Researchers ask Missourians to send in ticks for study on tick distribution and pathogens
Most residents who live in Ozark County are very familiar with a specific creepy, crawly dreaded summer nuisance, the tick.
Missouri is home to three common species of ticks that bite humans: lone star tick, American dog tick and deer tick.
The Missouri Department of Conservation (MDC) and A.T. Still University in Kirksville are asking Missourians to save ticks they encounter and mail them to the university.
The ticks will be used for a new scientific research study to help better understand the statewide distribution of tick species and the human pathogens they carry.
The two-year research study, which runs through September 2022, aims to determine the presence of tick species throughout Missouri as well as the pathogens they harbor. Researchers will identify ticks by species and life cycle and test them for four species of bacterial pathogens.
“We need the help of many Missourians around the state,” said MDC ecological health unit science supervisor Matt Combes. “Partici-pation by many ‘citizen scientists’ is vital in helping us collect enough data at a scale unattainable by MDC and university scientists alone.”
To help with the research efforts, residents are asked to place each live tick in a plastic zip-top bag with a piece of damp paper towel or moist cotton ball inside. Residents should then fold the bag and place it inside another plastic zip-top bag with a completed sample-submission form, available to print at www.atsu.edu/missouri-ticks-and-tick-borne-pathogen-surveillance-research.
The bag and completed form should then be placed in an envelope and mailed to A.T. Still University, Attention: Deb Hudman - Dept. of Microbiology & Immunology, 800 W. Jefferson St., Kirksville MO 63501.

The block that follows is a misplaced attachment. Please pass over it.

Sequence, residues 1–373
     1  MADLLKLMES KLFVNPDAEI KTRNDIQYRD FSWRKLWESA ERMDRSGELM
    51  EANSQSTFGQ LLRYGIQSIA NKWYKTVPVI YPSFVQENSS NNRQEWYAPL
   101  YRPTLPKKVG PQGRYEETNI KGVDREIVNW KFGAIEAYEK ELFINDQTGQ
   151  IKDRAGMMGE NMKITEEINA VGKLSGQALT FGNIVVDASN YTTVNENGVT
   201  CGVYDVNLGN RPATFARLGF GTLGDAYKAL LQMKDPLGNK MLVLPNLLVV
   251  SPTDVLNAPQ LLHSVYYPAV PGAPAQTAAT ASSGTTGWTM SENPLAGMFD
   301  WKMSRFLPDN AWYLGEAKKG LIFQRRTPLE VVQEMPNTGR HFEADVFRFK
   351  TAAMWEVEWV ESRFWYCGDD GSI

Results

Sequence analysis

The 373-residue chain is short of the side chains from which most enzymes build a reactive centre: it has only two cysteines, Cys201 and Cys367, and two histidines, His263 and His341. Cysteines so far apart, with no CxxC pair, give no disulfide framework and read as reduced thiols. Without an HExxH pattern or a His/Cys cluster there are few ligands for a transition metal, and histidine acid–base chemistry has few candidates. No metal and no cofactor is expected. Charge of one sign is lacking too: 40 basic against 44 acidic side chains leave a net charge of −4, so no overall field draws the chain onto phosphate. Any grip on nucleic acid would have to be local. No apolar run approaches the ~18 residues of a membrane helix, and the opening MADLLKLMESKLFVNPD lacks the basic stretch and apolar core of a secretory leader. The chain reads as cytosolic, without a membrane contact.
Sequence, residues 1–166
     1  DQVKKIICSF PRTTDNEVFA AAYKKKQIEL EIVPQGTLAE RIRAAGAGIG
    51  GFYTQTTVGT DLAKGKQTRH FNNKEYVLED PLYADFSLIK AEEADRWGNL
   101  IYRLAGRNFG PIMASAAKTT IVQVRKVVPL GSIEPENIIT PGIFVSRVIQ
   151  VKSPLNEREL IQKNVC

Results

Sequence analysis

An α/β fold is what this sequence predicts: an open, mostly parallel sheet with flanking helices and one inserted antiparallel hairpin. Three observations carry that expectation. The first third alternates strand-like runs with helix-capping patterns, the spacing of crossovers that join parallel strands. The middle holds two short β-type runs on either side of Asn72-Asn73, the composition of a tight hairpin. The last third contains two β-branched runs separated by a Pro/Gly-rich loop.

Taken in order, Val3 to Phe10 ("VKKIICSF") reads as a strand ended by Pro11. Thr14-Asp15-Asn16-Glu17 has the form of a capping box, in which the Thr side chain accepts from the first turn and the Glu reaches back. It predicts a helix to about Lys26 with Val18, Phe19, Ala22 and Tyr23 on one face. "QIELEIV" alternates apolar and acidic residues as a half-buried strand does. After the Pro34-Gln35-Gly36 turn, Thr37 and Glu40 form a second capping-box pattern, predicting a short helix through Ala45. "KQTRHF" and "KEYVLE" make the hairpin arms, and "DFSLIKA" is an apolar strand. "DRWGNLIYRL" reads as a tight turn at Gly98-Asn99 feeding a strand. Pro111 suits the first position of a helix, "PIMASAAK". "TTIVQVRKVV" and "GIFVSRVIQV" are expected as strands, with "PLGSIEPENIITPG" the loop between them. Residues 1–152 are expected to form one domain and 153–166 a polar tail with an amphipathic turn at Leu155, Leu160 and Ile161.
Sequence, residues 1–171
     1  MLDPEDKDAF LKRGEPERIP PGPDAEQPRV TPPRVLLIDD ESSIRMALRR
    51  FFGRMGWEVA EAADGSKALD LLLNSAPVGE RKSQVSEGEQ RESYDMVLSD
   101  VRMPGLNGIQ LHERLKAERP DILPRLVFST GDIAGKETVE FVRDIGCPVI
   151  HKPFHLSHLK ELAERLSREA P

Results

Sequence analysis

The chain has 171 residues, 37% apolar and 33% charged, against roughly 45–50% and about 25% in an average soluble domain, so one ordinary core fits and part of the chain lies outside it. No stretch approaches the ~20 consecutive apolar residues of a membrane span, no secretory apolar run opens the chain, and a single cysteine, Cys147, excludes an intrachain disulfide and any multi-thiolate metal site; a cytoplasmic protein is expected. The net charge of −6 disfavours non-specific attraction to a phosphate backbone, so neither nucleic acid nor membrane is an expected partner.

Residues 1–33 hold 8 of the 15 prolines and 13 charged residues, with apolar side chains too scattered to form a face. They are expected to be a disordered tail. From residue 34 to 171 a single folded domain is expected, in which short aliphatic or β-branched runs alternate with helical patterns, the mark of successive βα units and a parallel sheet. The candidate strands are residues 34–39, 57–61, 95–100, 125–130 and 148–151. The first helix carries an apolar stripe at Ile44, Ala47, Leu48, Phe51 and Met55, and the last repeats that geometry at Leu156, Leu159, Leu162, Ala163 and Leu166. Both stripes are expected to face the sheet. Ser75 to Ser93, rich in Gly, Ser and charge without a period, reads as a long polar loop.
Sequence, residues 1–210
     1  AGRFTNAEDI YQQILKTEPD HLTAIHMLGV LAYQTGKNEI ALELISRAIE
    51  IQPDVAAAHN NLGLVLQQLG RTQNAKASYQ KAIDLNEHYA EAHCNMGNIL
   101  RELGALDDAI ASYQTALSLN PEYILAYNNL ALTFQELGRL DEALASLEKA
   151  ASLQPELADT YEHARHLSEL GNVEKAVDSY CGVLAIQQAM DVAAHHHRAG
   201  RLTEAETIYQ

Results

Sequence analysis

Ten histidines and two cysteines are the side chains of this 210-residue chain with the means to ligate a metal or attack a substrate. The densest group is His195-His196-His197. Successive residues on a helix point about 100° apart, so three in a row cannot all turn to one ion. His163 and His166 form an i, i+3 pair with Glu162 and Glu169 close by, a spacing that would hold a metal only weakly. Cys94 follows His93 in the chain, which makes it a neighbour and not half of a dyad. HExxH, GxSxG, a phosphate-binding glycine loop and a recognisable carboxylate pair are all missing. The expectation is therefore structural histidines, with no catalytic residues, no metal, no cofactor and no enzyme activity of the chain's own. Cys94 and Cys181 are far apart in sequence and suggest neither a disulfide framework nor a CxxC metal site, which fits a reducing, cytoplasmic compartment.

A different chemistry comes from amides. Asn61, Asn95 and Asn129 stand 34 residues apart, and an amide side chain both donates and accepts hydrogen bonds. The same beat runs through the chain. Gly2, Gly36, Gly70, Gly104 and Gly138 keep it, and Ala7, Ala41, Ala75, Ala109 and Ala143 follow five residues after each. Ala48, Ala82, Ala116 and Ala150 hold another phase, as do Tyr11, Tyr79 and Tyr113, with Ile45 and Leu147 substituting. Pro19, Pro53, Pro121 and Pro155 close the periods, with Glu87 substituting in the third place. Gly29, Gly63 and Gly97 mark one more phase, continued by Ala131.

Hudman said that distribution maps will be provided and updated weekly on the A.T. Still University website at www.atsu.edu/missouri-ticks-and-tick-borne-pathogen-surveillance-research, where interested persons can actively follow the progress of the study over the next two years.
Combes added that there is a pressing need to increase tick surveillance in Missouri, develop statewide distribution maps of tick species and tick-borne pathogens and educate the public on reducing the risk of contracting a tick-borne illness based on that data.
In addition to those important factors, this research study could also help determine previously unknown or invasive tick species that are present in Missouri, he said.
“There are tick-borne human pathogens in the state of Missouri and yet there is no comprehensive map of where tick species occur, or of the human pathogens those ticks are carrying,” Combes said. “According to the CDC, Missouri is considered a gap state for knowledge of tick-borne diseases. Many people – in Missouri and nationwide – lack a good understanding of tick-borne illnesses common to their area.”